Air pollution still public's top concern

Updated: 2015-10-13 07:38

By ZHENG JINRAN(China Daily)

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Air pollution still public's top concern

Farmers collect dead fish from their pool which is suspected to have been contaminated by acid mist from a chemical plant nearby in Gaoyou, Jiangsu province, on Sunday. They planned to send the fish for examination. CHINA DAILY

Almost 78 percent of complaints the public made to the national environmental watchdog on its hotline in the first half of this year was about air pollution.

However, the authority needs to improve its services to deal more effectively with the complaints, some hotline users suggested.

The Ministry of Environmental Protection received 696 reports related to pollution on the hotline 12369 in the first six months of the year, the same number as in 2014, the ministry said on Monday.

Of the 696 complaints, 497 cases were confirmed, and all the companies involved have been punished for polluting the environment. The ministry has ordered 196 companies to suspend production and shut down, the statement said.

The public is focused especially on air pollution, accounting for 540 complaints, or 77.8 percent. Air pollution has topped the complaints for two consecutive years, but with a slight decline of 2.6 percent this year, the statement said.

Many complaints also targeted polluting industries, as in previous years. The chemical industry was the subject of 163 complaints, with the nonmetallic mineral processing and metal processing industries also being a major source of concern, the ministry said.

In addition, four provinces in central and eastern regions-Henan, Jiangsu, Guangdong and Shandong-accounted for the highest number of reports, with 36.4 percent of the total nationwide. Guangdong province has seen complaints increase by 90.3 percent and Shandong province enjoyed a 38.4 percent decrease year-on-year.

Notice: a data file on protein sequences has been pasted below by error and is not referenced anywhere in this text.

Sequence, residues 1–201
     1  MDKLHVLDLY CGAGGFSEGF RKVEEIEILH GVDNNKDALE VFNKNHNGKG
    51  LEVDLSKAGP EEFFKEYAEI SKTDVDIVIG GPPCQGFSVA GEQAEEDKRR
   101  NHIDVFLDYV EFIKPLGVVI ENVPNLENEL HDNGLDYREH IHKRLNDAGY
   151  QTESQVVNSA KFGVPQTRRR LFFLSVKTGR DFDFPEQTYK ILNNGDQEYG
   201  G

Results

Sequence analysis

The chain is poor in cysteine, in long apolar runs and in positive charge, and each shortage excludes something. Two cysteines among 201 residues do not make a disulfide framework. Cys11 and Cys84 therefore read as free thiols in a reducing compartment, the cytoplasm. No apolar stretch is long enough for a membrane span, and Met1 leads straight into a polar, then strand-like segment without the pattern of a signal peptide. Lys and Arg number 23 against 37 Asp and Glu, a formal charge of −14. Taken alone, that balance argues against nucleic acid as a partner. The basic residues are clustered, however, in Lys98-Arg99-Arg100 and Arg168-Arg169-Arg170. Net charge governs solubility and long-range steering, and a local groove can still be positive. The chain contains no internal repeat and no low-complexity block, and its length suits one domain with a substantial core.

Henan province once again ranked No 1, with the most complaints, same as last year, the ministry reported.

The hotline is one of the ways in which the public can monitor pollution and demonstrates their enthusiasm, yet there is no proper index to measure public participation, said Qin Tianbao, an environmental law professor at Wuhan University in Hubei province.

"The environmental authorities need to improve their service, including rapid feedback to the people who called, thus expanding the influence of the hotline and encouraging more people to use it," Qin said.

Guo Yongqi, a member of a green nongovernmental organization in Shandong province, said he and his friends reported illegally dumped garbage in a village via the hotline. The Liaocheng city environmental protection bureau gave them feedback within a week, saying they had dealt with it, but gave no detailed information.

"The hotline service cannot really meet my demands," Guo said.